The Silent Patient by Alex Michaelides was selected as the Goodreads Choice Awards 2019 Winner for Best Mystery and Thriller. The publisher’s blurb states: “The Silent Patient is a shocking psychological thriller of a woman’s act of violence against her husband and of the therapist obsessed with uncovering her motive.” The movie rights have already been purchased. I decided to see if it lived up to all the hype.
One night, up and coming artist Alicia Berenson was found standing beside her dead husband, with her own wrists cut and a rifle nearby. After her guilty verdict for murder, Alicia was placed in the secure psychiatric unit of a private hospital called The Grove. Alicia has continuously refused to speak in the years after his death. She did paint one final piece of work, a self-portrait, based on a Greek tragedy The Alcestis by Euripides. In the Alcestis, the main character agrees to die so her husband can live. She is then returned from death, but never speaks again.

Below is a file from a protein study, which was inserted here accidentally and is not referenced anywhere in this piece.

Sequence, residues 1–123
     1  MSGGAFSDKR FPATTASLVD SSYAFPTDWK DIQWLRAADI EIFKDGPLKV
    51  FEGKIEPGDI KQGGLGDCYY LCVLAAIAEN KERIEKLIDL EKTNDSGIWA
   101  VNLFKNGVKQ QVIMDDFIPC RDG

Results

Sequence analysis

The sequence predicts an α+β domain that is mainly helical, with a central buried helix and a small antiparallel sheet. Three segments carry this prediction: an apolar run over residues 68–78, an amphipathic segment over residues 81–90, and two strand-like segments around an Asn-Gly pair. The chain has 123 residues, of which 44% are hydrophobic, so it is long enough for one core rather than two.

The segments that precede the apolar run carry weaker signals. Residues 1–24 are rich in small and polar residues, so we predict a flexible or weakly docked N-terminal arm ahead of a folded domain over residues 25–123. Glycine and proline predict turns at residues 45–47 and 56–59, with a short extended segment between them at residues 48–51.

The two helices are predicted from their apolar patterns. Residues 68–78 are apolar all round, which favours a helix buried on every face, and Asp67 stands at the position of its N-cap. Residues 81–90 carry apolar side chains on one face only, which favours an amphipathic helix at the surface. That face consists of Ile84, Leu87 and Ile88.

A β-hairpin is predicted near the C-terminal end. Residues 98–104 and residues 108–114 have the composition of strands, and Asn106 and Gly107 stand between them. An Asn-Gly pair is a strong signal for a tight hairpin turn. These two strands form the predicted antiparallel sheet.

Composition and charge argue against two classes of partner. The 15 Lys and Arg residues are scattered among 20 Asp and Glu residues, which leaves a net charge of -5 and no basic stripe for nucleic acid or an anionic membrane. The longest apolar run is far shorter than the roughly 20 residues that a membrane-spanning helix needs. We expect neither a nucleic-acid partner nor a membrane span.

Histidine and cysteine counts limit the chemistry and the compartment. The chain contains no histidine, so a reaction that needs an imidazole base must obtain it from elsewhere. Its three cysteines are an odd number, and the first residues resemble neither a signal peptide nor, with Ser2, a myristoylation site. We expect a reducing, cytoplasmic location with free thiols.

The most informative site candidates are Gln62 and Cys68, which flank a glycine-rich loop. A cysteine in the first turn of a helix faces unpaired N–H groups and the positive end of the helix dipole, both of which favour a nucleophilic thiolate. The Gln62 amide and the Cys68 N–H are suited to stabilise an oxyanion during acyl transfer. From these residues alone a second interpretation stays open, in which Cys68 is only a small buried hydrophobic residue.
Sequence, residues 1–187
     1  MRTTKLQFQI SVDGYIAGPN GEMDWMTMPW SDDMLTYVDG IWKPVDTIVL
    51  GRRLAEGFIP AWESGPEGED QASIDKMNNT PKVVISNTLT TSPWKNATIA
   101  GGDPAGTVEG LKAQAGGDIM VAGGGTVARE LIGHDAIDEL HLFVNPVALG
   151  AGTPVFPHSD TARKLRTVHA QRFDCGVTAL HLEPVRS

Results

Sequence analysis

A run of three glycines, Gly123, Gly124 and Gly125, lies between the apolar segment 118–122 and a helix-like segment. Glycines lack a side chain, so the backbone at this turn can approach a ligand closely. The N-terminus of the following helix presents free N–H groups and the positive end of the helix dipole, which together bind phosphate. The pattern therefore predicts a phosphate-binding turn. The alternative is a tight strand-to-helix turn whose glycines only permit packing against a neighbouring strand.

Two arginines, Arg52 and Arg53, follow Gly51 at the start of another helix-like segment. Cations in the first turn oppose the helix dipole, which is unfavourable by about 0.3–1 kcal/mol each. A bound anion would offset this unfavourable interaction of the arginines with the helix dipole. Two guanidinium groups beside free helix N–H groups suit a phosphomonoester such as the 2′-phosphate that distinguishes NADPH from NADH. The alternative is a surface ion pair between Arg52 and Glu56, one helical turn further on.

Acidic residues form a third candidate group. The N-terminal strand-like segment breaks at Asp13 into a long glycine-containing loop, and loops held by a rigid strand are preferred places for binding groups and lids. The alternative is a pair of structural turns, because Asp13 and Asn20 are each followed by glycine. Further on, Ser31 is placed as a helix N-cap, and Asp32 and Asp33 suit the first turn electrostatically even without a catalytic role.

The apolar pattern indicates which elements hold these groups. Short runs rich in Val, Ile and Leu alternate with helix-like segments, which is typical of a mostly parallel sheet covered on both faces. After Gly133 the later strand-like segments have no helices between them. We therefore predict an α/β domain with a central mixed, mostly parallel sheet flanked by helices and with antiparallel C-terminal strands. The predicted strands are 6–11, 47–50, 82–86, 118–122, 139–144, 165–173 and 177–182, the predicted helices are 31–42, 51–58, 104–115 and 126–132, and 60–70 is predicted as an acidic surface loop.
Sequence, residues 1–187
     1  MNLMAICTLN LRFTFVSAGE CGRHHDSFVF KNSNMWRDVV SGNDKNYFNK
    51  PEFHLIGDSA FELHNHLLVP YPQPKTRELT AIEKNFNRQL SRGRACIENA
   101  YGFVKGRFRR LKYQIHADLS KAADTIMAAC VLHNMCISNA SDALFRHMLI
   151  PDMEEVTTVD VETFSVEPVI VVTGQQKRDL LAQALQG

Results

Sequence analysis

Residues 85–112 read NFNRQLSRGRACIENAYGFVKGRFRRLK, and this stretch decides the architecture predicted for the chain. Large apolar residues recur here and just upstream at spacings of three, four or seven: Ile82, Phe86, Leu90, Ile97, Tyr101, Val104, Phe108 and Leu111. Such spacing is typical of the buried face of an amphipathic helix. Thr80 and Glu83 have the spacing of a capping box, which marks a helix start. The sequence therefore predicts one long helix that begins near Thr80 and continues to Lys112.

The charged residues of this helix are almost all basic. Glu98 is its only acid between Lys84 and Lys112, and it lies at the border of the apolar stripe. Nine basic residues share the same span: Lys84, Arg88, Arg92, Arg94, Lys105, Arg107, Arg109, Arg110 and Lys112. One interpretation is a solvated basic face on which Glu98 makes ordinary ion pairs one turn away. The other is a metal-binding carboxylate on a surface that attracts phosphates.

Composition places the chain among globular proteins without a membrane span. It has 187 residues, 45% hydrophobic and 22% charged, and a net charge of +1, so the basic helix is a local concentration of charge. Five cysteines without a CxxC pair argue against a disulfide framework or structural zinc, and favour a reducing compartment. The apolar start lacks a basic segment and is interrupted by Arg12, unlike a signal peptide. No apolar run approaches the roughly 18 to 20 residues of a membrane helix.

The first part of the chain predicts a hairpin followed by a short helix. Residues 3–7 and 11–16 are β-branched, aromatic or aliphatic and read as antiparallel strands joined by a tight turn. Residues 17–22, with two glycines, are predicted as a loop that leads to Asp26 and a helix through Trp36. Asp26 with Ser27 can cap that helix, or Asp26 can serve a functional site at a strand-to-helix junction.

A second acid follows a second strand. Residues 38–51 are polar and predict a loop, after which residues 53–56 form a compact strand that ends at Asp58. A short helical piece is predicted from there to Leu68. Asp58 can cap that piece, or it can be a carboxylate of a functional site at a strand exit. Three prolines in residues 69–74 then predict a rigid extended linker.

Knowing that Alicia is a patient at the Grove, Theo Faber, a criminal psychotherapist, gets a job there so he can treat her. Since Alicia does not speak during therapy, Theo begins interviewing people who knew Alicia prior to the murder. This is strictly against the rules set out by his supervisor and seems very suspicious. Theo is also dealing with his own issues, including a horrific home life as a child, and problems with his wife. Alicia has kept a diary of events leading up to the murder that is shared with the readers along the way. While Alicia’s diary is chronological, Theo’s narration has an uncertain timeline. This leads to many red herrings and plot twists. This book isn’t a “whodunnit” so much as why was it done. It held my attention to the end.
My rating: 4-Stars.
“Her silence was like a mirror – reflecting yourself back at you. And it was often an ugly sight.”